In an impressive development, a scientist has succeeded in pulling an image out of a person's brain.
In a recent experiment, Dr. Jack Gallant of the UCB psychology department has claimed that he could reproduce video images from human brain activity.
Although this research has not yet been peer reviewed, Gallant and his colleague Shinji Nishimoto have used fMRI to scan the brains of two patients as they watched videos.
"A computer program was used to search for links between the configuration of shapes, colors and movements in the videos, and patterns of activity in the patients' visual cortex," Live Science quoted Gallant as telling Times Online.
"It was later fed more than 200 days' worth of YouTube internet clips and asked to predict which areas of the brain the clips would stimulate if people were watching them.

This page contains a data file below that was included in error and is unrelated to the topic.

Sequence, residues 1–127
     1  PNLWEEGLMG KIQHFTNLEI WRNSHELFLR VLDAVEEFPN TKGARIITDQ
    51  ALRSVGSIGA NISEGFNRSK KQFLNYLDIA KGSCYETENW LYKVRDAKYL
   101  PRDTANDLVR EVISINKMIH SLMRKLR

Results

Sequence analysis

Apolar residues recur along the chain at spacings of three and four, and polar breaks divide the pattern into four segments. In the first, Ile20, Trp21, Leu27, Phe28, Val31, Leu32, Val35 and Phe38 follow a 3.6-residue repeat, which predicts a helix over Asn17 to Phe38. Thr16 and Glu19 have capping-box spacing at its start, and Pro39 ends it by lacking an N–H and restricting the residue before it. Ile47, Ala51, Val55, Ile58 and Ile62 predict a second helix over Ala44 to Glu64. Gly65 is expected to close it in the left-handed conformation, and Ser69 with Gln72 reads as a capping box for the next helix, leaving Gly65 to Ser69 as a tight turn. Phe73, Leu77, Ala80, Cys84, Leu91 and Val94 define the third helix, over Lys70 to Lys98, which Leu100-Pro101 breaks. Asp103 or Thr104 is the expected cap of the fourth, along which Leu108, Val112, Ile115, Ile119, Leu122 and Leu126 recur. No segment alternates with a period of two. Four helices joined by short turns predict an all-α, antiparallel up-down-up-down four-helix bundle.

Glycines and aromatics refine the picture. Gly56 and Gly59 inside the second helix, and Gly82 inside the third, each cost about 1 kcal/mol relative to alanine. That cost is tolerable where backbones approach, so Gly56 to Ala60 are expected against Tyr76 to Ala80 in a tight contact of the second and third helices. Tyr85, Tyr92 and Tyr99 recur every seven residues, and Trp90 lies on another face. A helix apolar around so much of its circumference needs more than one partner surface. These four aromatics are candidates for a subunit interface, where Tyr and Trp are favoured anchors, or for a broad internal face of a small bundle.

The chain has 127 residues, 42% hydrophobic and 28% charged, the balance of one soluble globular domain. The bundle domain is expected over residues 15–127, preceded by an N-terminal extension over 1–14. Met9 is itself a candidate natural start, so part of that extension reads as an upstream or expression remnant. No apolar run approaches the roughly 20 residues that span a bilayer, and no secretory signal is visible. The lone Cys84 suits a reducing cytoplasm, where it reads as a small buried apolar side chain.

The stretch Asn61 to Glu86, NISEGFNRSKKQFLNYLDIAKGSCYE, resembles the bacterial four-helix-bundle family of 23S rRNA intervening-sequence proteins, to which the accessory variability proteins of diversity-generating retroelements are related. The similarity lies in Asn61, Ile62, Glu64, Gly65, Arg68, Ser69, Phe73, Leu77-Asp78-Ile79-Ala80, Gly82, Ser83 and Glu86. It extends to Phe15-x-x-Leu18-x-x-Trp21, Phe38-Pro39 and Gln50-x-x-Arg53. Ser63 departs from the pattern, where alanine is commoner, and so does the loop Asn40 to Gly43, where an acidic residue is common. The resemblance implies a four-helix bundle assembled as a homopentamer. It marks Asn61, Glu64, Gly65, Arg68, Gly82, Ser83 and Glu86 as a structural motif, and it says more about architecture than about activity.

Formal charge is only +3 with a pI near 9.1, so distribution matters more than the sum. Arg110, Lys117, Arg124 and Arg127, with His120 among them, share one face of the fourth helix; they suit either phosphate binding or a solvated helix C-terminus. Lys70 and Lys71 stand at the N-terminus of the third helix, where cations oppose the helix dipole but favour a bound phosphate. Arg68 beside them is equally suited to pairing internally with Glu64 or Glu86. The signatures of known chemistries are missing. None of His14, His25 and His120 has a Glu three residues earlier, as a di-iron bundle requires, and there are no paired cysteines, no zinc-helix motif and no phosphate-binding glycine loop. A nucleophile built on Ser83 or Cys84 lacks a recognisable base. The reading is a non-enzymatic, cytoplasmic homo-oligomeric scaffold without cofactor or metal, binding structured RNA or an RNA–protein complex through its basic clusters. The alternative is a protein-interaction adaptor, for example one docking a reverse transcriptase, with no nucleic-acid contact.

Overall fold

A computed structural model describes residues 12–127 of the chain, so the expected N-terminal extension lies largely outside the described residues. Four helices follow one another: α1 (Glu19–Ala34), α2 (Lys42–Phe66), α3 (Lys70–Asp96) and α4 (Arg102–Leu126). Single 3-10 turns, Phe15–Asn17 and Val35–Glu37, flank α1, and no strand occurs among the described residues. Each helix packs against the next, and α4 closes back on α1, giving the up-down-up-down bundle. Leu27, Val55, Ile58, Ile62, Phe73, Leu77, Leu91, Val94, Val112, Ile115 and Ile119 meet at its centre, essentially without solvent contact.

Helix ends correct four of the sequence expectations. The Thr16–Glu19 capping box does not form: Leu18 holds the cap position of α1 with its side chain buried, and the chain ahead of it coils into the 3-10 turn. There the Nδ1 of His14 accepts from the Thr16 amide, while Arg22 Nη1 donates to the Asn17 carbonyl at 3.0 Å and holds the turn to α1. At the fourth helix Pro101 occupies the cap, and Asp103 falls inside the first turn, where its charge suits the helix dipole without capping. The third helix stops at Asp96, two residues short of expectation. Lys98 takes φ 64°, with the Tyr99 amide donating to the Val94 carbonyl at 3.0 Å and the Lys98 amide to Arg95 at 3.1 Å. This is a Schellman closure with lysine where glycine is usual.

"Finally, the software was used to monitor the two patients' brains as they watched a new film and to reproduce what they were seeing based on their neural activity alone.
"Remarkably, the computer program was able to display continuous footage of the films they were watching - albeit with blurred images," he added.
For example, in one scene which featured Steve Martin wearing a white shirt, the software recreated his shape and torso but missed other details, like his facial features.
"Some scenes decode better than others. We can decode talking heads really well. But a camera panning quickly across a scene confuses the algorithm," said Gallant.
This is the first time when video scenes were recovered from thought.
Previous work has been done to recover spatial memories seen in the hippocampus via fMRI.